Veteran Liberian teacher Mary Brownell has blamed the vulnerability of girls in Liberian society on failure of parents to provide guidance for their girl children.
Speaking in a telephone interview Monday on the problems affecting women and girls in society, Mother Brownell said, “I cannot remember [a time] during my days when girls of my age group were seen at late hours in the street. You would be asked by an elderly person why you should be out, and that person will surely trace your parents or even discipline you for staying out late. But today parents do not care about where their children go and do not give them advice; and as a result, you see girls in the streets and sleeping there.”
She said the failure of parents to provide guidance for their girl children has resulted in the high rate of teenage pregnancy in Liberia.
Mother Brownell, who turns 87 on March 12, said she believes that the Ministry of Gender is doing well to identify the problems affecting women and girls in the country; but because parents are not exerting effort in teaching and advising their girl children, these girls continue to face sexual exploitation and other forms of gender-based violence.
She also pointed out that women’s organizations are all over Monrovia and in other parts of the country seeking donor funding to help girls, but lamented that their impact is not being felt.
According to her, if women’s organizations and parents were playing their roles as role models for girls, prostitution and teenage pregnancy would have reduced by now.
Weighing in on the issue of the age of consent, Mother Brownell proposed that 18 years of age is preferable as the statutory age of maturity. A girl of that age, she said, will have the attributes of decision making and can decide what is good for her.
In Liberia, however, many boys and girls aged 18 and beyond still live with their parents and rely fully on their support for schooling and other basic necessities.
In response to this concern, she said parents will also have to play their roles in moùlding the child to be able to demonstrate maturity by that age.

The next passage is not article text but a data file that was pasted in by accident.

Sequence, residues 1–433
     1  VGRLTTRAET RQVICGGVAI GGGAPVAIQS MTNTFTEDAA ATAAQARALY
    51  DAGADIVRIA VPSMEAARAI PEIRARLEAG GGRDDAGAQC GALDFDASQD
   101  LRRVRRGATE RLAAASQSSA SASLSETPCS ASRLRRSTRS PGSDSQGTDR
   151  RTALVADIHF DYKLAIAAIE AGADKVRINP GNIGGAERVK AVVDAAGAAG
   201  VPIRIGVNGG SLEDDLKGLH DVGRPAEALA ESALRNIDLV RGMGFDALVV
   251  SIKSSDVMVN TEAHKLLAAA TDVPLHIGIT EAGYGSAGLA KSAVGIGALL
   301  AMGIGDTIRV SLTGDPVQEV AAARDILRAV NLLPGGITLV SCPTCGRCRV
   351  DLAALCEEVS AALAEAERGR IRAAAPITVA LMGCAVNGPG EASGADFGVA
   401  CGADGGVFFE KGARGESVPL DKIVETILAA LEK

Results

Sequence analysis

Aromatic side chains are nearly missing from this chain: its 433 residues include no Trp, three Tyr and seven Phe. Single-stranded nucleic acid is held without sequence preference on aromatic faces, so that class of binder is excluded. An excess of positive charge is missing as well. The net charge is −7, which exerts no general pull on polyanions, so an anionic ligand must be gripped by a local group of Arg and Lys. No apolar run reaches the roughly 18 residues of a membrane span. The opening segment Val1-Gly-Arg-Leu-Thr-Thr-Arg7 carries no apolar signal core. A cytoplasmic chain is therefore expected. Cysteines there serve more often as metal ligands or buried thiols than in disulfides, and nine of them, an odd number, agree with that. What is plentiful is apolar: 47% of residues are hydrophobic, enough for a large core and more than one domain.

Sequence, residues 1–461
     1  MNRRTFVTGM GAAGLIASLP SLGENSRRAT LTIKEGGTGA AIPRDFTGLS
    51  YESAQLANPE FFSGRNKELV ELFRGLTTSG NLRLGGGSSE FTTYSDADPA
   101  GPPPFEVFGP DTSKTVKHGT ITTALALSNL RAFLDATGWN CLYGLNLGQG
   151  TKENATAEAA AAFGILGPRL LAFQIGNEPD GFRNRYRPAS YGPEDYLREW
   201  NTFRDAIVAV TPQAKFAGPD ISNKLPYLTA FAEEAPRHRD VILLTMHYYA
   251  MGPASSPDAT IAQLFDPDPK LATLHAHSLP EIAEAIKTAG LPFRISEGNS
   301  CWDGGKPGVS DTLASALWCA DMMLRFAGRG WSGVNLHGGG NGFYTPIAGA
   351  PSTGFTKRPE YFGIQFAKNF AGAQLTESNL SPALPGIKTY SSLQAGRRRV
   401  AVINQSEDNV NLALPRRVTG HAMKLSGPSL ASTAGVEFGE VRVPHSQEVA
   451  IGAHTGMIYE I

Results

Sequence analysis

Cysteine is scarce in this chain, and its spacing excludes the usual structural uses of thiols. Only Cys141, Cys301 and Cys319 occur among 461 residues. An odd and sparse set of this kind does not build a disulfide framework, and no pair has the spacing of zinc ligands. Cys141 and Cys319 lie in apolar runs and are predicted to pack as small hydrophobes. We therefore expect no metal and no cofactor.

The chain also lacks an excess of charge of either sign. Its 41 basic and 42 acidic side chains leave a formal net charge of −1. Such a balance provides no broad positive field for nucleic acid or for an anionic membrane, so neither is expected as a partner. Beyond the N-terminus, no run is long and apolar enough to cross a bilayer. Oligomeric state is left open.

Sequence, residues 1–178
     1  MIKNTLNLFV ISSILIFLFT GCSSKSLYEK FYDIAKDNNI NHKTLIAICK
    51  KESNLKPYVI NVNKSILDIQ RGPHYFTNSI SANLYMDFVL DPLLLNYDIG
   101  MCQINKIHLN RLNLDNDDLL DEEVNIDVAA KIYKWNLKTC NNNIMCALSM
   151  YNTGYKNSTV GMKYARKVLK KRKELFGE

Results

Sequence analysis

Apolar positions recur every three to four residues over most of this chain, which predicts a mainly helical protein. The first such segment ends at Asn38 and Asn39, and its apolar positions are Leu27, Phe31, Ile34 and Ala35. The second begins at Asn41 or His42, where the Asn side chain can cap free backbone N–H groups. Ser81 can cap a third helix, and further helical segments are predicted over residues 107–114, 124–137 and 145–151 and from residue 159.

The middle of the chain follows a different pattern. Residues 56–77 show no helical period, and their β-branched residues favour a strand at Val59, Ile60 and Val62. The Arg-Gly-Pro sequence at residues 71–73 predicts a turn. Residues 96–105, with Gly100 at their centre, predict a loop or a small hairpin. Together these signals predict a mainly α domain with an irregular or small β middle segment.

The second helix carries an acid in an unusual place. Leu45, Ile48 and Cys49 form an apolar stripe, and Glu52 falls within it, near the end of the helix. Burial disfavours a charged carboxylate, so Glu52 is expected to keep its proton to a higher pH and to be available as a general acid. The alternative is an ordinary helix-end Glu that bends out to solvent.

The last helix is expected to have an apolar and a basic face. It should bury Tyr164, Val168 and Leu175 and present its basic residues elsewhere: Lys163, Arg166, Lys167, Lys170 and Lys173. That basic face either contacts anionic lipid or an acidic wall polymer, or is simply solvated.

“The way parents teach their children in the home will help their children to demonstrate maturity at the age of 18. The girl or boy child in the home learns from the parents, and anything the parent does is what the child will learn. For the girl child to be matured and independent at the age of 18, parents should set the pace for the child to follow. Get the child to school at the required age and by the time she reaches 18 she is out of high school and thinking about going to college,” the veteran educator and mother emphasized.
Another concern Liberian women have as they celebrate International Women’s Day is the30 percent political representation exclusively allotted for women by the constitution.
The “Gender Equity Bill,” sponsored by Montserrado County District #1 Representative, Josephine Francis, has lingered in the House of Representatives for years without passage.
Mother Brownell, while expressing support for the bill, stressed that she is disappointed in women on ground. Their lack of support for one another, she observed, is responsible for their marginalization by men.
She also asserted that women, if they want to break the barrier, should get acquainted with their constituents and demonstrate their competencies as leaders. They should not simply rely on T-shirts and a few bags of rice in election season.
She added that the dominance of men in Liberian politics is highly reflective of the fact that 50% women’s participation is needed to equitably bridge the gap.